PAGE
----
"there is not necessarily an inverse monotonic relation between the cost-minimizing quantity of an input and its price... Figures 6.17a-6.17c can be interpreted as demand curves for labour... in Figure 6.17b, ...the sectoral demand curve is upward-sloping... I have shown in Figure 6.17c that the aggregate demand curve is not downward-sloping in the presence of reswitching: indeed, like the sectoral demand curve, it is not even monotonic. Reswitching is sufficient, not necessary, for the aggregate demand curve for labour not to be downward-sloping: to see this, consider Figure 6.18..." -- J. E. Woods (1990) The Production of Commodities: An Introduction to Sraffa, Humanities Press
It is a theme of this blog that mainstream economists have yet to integrate this challenge into their theories and teaching.

Tuesday, July 07, 2009

Principles of Neoliberalism

Some of these strike me as too absurd (e.g., 7, 9) to bother refuting:
  1. "...contrary to classical liberal doctrine, [the neoliberal] vision of the good society will triumph only if it becomes reconciled to the fact that the conditions for its existence must be constructed and will not come about 'naturally' in the absence of concerted political effort and organization...
  2. ...'the market' is posited to be an information processor more powerful than any human brain, but essentialy patterned on brain/computational metaphors... The market always surpasses the state's ability to process information...
  3. ...for purposes of public understanding and sloganeering, market society must be treated as a 'natural' and inexorable state of humankind...
  4. A primary ambition of the neoliberal project is to redefine the shape and functions of the state, not to destroy it...
  5. ...Neoliberals treat... politics as if it were a market and promoting an economic theory of democracy...
  6. Neoliberals extol freedom as trumping all other virtues, but the definition of freedom is recoded and heavily edited within their framework... Freedom can only be 'negative' for neoliberals (in the sense of Isaiah Berlin)...
  7. ...capital has a natural right to flow freely across national borders. (The free flow of labor enjoys no similar right.)...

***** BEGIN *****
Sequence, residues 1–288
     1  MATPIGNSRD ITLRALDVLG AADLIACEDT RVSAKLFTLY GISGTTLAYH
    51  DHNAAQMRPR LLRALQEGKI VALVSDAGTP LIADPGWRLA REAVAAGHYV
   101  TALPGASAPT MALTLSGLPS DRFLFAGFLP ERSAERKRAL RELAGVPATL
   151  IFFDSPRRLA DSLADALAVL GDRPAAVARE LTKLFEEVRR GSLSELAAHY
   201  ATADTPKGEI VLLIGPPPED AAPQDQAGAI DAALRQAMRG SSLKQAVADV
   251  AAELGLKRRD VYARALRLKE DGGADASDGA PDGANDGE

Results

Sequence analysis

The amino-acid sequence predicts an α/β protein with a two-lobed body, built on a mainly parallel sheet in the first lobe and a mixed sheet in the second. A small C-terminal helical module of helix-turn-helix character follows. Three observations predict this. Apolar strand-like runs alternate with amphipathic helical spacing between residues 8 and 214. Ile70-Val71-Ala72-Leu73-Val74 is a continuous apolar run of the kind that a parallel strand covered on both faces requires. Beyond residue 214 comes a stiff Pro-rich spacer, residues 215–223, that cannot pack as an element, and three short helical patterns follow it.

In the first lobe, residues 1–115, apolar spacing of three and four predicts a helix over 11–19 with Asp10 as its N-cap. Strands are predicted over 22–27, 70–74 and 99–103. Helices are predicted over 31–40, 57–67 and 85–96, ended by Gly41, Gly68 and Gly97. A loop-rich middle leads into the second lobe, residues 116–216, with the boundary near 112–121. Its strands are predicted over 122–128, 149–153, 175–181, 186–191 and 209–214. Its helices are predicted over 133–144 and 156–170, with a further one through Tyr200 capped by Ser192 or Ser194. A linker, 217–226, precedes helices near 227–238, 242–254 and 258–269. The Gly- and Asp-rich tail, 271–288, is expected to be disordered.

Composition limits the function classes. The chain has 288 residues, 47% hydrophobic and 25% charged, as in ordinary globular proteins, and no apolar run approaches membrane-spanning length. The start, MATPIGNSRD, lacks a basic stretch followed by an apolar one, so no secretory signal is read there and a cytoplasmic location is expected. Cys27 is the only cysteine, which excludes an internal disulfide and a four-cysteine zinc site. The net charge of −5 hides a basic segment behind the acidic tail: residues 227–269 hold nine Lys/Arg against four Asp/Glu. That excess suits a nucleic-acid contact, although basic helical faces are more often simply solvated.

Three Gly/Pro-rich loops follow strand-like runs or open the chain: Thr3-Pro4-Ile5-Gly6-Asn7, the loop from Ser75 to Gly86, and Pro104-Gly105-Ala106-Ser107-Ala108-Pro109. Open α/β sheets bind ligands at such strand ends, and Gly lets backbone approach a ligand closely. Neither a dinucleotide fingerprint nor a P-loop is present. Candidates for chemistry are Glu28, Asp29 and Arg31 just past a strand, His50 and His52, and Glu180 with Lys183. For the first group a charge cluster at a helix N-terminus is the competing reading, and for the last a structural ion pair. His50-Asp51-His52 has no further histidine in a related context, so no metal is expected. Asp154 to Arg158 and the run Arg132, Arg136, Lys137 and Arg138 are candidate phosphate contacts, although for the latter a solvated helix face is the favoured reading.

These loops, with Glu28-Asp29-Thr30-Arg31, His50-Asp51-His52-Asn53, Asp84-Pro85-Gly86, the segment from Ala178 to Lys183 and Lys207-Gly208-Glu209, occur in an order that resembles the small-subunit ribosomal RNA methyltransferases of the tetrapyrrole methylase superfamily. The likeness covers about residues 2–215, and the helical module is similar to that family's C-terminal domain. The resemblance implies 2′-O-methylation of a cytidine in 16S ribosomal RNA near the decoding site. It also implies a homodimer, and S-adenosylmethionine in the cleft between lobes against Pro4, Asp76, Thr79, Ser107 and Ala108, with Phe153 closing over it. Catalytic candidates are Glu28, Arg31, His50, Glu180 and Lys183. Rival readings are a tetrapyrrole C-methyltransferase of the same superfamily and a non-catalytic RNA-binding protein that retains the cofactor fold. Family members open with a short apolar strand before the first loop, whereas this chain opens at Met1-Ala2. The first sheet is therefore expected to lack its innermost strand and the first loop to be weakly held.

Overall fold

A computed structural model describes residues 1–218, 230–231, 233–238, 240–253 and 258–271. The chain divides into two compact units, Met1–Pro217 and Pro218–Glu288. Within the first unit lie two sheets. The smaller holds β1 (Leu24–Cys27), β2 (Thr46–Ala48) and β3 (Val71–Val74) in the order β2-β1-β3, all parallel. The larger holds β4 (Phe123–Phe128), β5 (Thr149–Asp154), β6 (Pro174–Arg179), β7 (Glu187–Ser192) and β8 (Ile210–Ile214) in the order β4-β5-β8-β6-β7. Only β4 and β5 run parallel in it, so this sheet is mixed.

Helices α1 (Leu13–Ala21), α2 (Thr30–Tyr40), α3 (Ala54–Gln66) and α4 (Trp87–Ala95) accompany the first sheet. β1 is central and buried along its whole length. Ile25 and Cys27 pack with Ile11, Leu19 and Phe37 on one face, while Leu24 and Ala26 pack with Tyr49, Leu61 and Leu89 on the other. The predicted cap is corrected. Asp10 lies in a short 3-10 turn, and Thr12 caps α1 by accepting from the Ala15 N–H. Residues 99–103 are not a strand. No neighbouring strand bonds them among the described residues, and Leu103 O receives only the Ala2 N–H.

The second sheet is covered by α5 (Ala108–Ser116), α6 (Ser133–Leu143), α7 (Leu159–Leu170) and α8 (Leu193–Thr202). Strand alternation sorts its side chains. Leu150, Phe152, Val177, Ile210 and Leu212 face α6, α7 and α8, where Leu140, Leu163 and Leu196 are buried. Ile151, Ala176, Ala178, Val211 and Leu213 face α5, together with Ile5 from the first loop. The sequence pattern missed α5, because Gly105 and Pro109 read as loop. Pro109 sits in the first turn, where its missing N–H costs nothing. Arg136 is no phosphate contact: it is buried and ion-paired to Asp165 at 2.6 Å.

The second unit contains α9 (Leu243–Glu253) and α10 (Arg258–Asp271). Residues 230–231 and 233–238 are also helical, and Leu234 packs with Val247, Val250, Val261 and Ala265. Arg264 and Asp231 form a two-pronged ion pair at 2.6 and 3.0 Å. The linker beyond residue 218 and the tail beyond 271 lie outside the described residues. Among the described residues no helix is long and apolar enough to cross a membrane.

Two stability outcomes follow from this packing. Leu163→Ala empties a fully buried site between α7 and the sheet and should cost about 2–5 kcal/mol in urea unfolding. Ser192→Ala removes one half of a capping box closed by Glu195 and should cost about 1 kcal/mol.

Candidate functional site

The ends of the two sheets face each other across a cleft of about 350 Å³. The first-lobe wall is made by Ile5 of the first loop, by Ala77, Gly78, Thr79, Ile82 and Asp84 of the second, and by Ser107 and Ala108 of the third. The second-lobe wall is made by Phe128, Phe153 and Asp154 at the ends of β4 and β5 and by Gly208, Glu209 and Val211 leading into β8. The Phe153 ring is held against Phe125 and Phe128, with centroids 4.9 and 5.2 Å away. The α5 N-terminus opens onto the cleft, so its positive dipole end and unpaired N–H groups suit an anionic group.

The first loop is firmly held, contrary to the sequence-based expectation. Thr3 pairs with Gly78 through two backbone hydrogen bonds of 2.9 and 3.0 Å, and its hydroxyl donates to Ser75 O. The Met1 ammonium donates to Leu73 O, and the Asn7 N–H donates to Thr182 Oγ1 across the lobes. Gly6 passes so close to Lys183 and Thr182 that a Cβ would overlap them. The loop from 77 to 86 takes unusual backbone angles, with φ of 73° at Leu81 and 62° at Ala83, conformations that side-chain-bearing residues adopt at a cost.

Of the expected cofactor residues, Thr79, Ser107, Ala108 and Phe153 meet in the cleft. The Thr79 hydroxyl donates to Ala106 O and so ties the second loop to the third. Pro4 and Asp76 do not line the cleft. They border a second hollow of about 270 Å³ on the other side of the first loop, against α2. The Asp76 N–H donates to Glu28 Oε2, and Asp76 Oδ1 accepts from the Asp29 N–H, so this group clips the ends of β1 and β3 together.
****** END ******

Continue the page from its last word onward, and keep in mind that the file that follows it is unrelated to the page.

8. ...pronounced inequality of economic resources and political rights [is] not ... an unfortunate by-product of capitalism, but as a necessary functional characteristic of their ideal market system...
  9. Corporations can do no wrong, or at least they are not be blamed if they do...
  10. The market (suitably reengineered and promoted) can always provide solutions to problems seemingly caused by the market in the first place...
  11. The neoliberals have struggled from the outset to make their political/economic theories do dual service as a moral code..."
-- Philip Mirowski, "Postface", in The Road from Mont Pelerin: The Making of the Neoliberal Thought Collective (edited by Philip Mirowski and Dieter Plehwe), Harvard University Press (2009)
(I've miscategorized this post since neoliberalism encompasses more than economics.)

Saturday, July 04, 2009

Four Papers On Henry George

I have never been enamored of Henry George. But for those who like him, the recent History of Economics Society Annual Conference (Denver, CO, 26-29 June 2009) had a session on "Henry George and the Concept of the Commons", with four papers:I guess one can get the following from George: Many do not legitimately contribute to production, but merely charge those who do work a toll for access to the property with which they work. I can get the same idea, however, from P. J. Proudhon's What is Property?; Karl Marx's idea of the worker's "double freedom" (in chapter VI of Capital, Volume 1) to sell his labor power and of ownership of other commodities for sale; and of Thorstein Veblen's concept of business as sabotage, in contrast to industry. What do I need Henry George for, at least with respect to this idea?